December 28, 2005
PRISON UPRISING IN BRAZIL
A prison uprising is now in its third day in the Brazilian city of Porto Velho . A group of prisoners took control of the Urso Branco facility on Christmas during visiting hours and continue to hold approximately 200 hostages, mostly prisoners’ relatives. They are demanding the return of Ednildo Paula Souza, an inmate who was transferred from the prison last week, after his recapture following a successful jailbreak earlier this month. Souza is said to have led a prison riot in April 2004 that resulted in 14 inmate deaths. The Urso Branco prison is severely overcrowded, holding around three times more inmates than it was initially designed to house. A crisis management team is negotiating for the release of the hostages, including 11 prison guards.
ESCAPE ATTEMPT FROM IRAQI PRISON
At least nine people are dead after an attempted jailbreak in Iraq. A prison guard told Reuters that the incident began when an inmate seized a Kalashnikov rifle from a guard as a group of prisoners was being escorted to the yard early this morning. The inmates then took weapons from the prison armory and freed other detainees within the facility. The escape attempt ended in a gunfight.
MASS GRAVE IN GUJARAT
A mass grave discovered yesterday in the western Indian state of Gujarat is believed to be of those who went missing during of the sectarian violence of 2002. Binu Alex has more from Ahmedabad.
Relatives of victims of the 2002 Hindu-Muslim violence in Gujarat claim to have exhumed skeletal remains from a mass grave in Panchamahals, a district severely affected in the state where many are still reportedly missing. Though the exact number of bodies is still unknown after the site was sealed by the investigating agencies, eye witnesses say it could be more than twenty. The local administration has threatened to take legal action against those who dug up the site. The state police chief claims that the bodies had already been accounted for, autopsies performed, and that local officials afterwards buried the cadavers. Teesta Setalvad of Citizens for Justice and Peace, an NGO working among the riot survivors, has filed a petition before the Gujarat High court.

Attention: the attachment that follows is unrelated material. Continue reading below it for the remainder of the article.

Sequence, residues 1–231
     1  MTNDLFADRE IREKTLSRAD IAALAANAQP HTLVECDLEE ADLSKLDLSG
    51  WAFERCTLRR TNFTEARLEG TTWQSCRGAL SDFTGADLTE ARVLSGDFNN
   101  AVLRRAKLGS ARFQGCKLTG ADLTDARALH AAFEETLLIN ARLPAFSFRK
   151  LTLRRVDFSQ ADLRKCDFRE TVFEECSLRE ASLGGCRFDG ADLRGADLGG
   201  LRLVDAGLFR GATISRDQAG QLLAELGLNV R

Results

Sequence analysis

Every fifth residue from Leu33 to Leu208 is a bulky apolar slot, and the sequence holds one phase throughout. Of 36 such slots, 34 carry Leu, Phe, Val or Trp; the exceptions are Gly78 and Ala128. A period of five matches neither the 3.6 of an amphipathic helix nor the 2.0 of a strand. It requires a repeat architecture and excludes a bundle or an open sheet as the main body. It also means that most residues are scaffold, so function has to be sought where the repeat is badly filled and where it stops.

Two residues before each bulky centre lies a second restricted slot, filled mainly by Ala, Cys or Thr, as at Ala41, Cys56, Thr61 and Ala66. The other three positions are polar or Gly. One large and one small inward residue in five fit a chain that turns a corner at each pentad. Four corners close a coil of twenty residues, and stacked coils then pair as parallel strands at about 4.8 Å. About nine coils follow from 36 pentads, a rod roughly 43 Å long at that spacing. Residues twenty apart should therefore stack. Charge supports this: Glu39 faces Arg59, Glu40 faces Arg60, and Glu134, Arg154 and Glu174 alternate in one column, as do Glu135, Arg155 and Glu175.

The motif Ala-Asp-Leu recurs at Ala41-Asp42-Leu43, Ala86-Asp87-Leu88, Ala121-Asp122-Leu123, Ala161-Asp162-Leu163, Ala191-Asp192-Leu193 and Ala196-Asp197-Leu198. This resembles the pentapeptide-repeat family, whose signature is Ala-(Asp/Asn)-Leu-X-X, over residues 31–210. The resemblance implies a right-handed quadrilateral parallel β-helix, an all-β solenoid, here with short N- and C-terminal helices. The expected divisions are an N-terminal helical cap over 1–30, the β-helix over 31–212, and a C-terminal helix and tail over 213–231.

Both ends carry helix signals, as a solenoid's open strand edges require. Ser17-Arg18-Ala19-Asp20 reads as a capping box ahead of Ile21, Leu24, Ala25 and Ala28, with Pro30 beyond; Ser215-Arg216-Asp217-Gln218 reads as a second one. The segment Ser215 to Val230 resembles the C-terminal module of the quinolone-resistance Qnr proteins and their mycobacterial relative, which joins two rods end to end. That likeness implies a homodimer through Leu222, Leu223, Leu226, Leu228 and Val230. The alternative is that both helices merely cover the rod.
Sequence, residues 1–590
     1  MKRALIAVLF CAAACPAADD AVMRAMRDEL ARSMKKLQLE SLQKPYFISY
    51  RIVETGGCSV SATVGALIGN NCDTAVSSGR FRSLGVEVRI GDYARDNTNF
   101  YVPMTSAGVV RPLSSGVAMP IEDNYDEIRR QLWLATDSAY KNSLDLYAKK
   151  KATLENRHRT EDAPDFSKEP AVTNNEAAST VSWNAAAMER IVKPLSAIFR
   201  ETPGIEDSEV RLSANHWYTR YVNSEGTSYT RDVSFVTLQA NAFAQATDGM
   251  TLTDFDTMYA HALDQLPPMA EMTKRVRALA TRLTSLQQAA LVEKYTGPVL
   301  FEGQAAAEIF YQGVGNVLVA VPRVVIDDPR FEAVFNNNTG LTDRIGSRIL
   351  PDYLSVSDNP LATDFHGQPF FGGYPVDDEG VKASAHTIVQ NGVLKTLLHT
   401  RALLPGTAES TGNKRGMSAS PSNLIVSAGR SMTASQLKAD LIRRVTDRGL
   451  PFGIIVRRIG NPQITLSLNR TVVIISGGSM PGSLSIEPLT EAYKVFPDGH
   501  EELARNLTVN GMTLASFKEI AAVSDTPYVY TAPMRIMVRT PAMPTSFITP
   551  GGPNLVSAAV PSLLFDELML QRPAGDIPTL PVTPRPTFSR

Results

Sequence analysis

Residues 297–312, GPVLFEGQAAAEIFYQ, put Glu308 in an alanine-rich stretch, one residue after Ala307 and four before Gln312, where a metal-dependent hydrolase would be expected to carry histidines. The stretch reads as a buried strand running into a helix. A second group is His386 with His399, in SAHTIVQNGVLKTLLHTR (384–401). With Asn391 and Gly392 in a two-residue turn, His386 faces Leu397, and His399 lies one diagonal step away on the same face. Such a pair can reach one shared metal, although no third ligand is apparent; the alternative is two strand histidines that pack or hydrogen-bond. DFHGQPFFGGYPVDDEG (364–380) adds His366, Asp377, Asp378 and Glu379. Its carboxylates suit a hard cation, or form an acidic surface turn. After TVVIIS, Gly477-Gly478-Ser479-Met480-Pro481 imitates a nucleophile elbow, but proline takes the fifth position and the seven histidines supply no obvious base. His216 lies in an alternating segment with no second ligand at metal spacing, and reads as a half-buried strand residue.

(Teesta Setalvad clip 16 secs)
“If the police now tells us that these are the 21 missing persons and we have buried them properly, our only question is, ‘Why didn’t you intimate the relatives? Why didn’t you give the bodies to them?’ because that is the real procedure. In any religion, in any culture, performing the last rites is emotionally very important particularly when such a dastardly crime takes place.”
This week’s discovery has brought back memories of the violence to the survivors, as over 2000 cases are still pending in the courts. From Ahmedabad in India, I am Binu Alex for Free Speech Radio News.
“PRE-FAMINE” IN SOMALIA
Famine Early Warning Systems Network has issued an emergency alert for Southern Somalia. The Food Security Analysis Unit of the United Nations Food and Agriculture Organization says that 2 million people in Somalia urgently need humanitarian assistance to cope with a widespread food shortage resulting from a severe drought. The ongoing drought has also affected parts of Ethiopia and northeastern Kenya. The World Food Programme estimates that 64,000 metric tons of food aid will be needed over the course of the next 6 months to avoid starvation-related deaths.
Residents in Argentina’s central province of Cordoba may soon face a 200 percent hike in water rates. FSRN’s Marie Trigona has more in Buenos Aires.